I remember the first time I saw them walking down the sidewalk across a busy street in our adopted home city in post Soviet Central Asia.
All around the three women were the people I was used to seeing … women in colorful dresses with clashing colorful scarves, men in long dark pants and white or print shirts wearing the typical black tribal caps. It is not a predominantly Christian country and you can safely assume that virtually everyone you meet there is not a follower of Jesus.
But these three young women looked different. Two were perhaps Filipino and the other might have hailed from Eastern Europe. They were all wearing white saris with blue trim. Their saris reminded me of Mother Theresa, so I thought they might be the Sisters of Charity. When I saw them, my heart leapt for joy! It was lovely to see other Christ followers on the streets of this city!
Here’s the strange thing: Had I seen those same three young women on the streets of Boston seven years earlier, I would not have felt much, if any, kinship with them. They were Catholic and I was Protestant. Our commonality would have escaped my notice.
Instead, I would have focused on our differences. Our theological differences would have welled up and produced a kind of suspicion at best, antipathy at worst. In Boston their evident commitment to Christ would not have united us. Instead our commitment to different conceptions of Christian theology would have divided us.
My husband Erick often says of his position as Executive Director of the Jesus Film Project, “I love my job because I get to love and work with everyone!”
Isn’t that great? At the Jesus Film, we work with many mission-minded churches, denominations, and organizations in the world. Anyone who wants to preach Jesus, God’s Son who was crucified, buried, and resurrected, can use our films with our blessing. We do not have to fight with anyone about the minor points of their theology because our focus is on Christ. There is a line in the sand between those who follow Christ and experience His resurrection life and those who do not know Him and can look forward only to death. That is the only line in the sand we care about.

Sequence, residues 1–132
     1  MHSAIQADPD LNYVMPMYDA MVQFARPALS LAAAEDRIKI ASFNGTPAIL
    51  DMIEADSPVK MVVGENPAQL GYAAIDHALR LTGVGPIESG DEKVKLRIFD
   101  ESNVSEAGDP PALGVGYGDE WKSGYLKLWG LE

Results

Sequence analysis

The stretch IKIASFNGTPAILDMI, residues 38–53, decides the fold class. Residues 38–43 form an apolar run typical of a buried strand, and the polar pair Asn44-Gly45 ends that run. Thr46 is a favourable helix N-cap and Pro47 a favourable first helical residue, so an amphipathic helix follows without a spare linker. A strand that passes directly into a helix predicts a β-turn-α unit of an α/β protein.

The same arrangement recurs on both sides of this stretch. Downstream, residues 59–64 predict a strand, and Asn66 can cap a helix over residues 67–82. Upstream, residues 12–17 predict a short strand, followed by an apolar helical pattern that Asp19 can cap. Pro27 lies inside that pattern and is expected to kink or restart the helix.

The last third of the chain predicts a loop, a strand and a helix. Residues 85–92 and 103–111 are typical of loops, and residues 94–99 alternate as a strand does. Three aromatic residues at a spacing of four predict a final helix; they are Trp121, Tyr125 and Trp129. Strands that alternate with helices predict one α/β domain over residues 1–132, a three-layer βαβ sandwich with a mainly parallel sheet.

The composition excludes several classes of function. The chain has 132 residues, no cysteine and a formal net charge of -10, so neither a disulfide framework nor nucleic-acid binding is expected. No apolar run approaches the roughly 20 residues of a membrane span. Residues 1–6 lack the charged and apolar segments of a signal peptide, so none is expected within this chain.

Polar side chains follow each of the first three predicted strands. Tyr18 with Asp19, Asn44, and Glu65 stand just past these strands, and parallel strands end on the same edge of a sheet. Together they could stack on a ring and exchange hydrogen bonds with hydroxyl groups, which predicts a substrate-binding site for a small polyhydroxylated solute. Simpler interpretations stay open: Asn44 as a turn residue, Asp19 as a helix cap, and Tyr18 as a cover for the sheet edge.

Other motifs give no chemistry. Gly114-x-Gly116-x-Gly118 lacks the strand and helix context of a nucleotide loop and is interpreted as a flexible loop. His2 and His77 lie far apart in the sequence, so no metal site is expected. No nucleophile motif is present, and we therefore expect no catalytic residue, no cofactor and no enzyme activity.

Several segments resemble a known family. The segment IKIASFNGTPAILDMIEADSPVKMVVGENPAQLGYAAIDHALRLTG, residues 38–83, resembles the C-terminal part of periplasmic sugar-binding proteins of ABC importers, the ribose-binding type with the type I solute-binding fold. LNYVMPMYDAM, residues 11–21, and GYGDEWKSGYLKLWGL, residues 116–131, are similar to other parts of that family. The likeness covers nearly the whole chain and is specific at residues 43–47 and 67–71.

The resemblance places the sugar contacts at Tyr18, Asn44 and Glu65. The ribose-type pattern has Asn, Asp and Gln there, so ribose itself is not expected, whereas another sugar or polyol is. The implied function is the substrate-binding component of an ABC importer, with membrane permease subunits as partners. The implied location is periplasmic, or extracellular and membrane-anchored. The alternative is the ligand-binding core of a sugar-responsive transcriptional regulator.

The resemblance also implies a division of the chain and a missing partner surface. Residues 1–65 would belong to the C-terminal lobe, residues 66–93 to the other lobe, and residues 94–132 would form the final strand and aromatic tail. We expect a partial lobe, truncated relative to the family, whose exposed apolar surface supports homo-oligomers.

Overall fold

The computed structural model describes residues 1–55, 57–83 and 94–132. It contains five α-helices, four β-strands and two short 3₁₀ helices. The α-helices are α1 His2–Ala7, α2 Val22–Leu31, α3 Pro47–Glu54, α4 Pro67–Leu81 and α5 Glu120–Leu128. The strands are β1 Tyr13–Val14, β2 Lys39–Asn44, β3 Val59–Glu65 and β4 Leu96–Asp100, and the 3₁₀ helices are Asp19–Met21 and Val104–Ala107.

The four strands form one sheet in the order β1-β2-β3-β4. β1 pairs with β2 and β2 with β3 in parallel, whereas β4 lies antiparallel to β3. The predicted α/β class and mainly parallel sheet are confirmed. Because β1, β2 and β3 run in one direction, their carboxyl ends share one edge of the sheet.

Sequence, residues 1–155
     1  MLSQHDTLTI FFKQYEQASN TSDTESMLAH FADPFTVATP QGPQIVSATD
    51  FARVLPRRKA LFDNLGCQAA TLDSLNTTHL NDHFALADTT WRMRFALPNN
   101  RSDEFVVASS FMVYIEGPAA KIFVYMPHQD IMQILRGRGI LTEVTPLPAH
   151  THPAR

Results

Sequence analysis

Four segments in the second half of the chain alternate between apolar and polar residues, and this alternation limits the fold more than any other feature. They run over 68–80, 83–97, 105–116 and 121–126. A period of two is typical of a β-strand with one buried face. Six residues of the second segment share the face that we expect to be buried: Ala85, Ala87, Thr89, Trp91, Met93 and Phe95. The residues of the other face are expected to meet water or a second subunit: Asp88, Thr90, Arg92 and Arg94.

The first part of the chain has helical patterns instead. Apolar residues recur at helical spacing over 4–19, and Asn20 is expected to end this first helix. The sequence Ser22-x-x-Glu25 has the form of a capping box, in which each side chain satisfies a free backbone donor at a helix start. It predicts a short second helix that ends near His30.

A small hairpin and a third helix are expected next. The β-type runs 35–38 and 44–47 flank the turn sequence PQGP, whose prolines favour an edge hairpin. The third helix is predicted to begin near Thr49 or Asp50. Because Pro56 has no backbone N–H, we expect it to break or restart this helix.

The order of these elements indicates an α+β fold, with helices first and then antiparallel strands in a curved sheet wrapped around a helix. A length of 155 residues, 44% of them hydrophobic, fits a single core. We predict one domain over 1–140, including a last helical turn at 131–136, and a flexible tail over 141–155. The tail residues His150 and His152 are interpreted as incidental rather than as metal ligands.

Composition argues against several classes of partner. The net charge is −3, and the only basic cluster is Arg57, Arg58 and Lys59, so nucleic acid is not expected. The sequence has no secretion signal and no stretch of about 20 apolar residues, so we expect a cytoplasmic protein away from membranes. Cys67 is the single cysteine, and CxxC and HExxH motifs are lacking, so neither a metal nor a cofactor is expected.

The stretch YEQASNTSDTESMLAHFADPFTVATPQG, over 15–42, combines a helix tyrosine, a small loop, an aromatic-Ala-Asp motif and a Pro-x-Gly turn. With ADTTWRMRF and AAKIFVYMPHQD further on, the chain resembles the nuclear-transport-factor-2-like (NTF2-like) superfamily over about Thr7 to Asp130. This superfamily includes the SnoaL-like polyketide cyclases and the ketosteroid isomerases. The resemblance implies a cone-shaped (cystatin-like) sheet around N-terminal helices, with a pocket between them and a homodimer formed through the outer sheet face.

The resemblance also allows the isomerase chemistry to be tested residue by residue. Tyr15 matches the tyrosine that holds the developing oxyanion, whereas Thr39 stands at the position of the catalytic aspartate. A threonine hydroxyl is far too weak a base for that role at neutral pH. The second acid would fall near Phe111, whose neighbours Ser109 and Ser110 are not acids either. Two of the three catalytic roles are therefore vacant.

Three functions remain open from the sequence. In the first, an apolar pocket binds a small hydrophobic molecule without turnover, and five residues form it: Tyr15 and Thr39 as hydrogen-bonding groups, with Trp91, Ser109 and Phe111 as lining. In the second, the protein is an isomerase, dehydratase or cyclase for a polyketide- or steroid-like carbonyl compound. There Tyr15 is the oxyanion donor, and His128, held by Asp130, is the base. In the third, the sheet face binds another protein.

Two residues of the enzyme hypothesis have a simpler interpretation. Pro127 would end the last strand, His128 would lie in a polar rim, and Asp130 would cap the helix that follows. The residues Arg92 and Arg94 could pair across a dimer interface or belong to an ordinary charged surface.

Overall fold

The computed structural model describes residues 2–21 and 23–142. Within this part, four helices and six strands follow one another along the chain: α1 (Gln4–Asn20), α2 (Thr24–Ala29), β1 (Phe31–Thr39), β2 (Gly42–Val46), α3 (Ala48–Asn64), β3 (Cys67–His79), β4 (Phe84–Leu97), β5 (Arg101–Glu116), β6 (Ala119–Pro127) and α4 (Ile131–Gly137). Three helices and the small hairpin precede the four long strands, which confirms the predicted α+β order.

Jesus said, “By this all people will know that you are my disciples, if you have love for one another” (John 15:35). I’m here to tell you, it is a lot easier to love one another when we recognize that we are strangers in a strange land. We don’t really belong here. Our citizenship is in Heaven. Our ID card for that citizenship should be our love for one another, regardless of what group we are in.
Elizabeth Schenkel has been actively involved in Christian ministry on four continents over the past 40 years. After a violent attack nearly ended her life in 2000, Elizabeth became a spokesperson for the persecuted church and for fulfilling Christ’s Great Commission through bold steps of faith. Elizabeth co-wrote the evangelistic, follow-up film series for the “Magdalena” film entitled “Rivka.” After serving overseas for 16 years, Elizabeth and her husband, Erick, moved to Orlando, Florida, in April 2012, where Erick is serving as the Executive Director of Jesus Film Project. The Schenkels have 5 grown children and 3 grandchildren.
Working together brings strength, divine blessings, victory, effectiveness as a witness of Jesus, and increased fruitfulness – and God receives glory. But often we don’t work in a coordinated way. We stray from maximizing our efforts and minimizing duplication.
If we are sincere about taking the gospel to the world, it means we need to do some things differently and we cannot do it alone. It’s going to take partners, affiliates, volunteers – even “competing ministries.”
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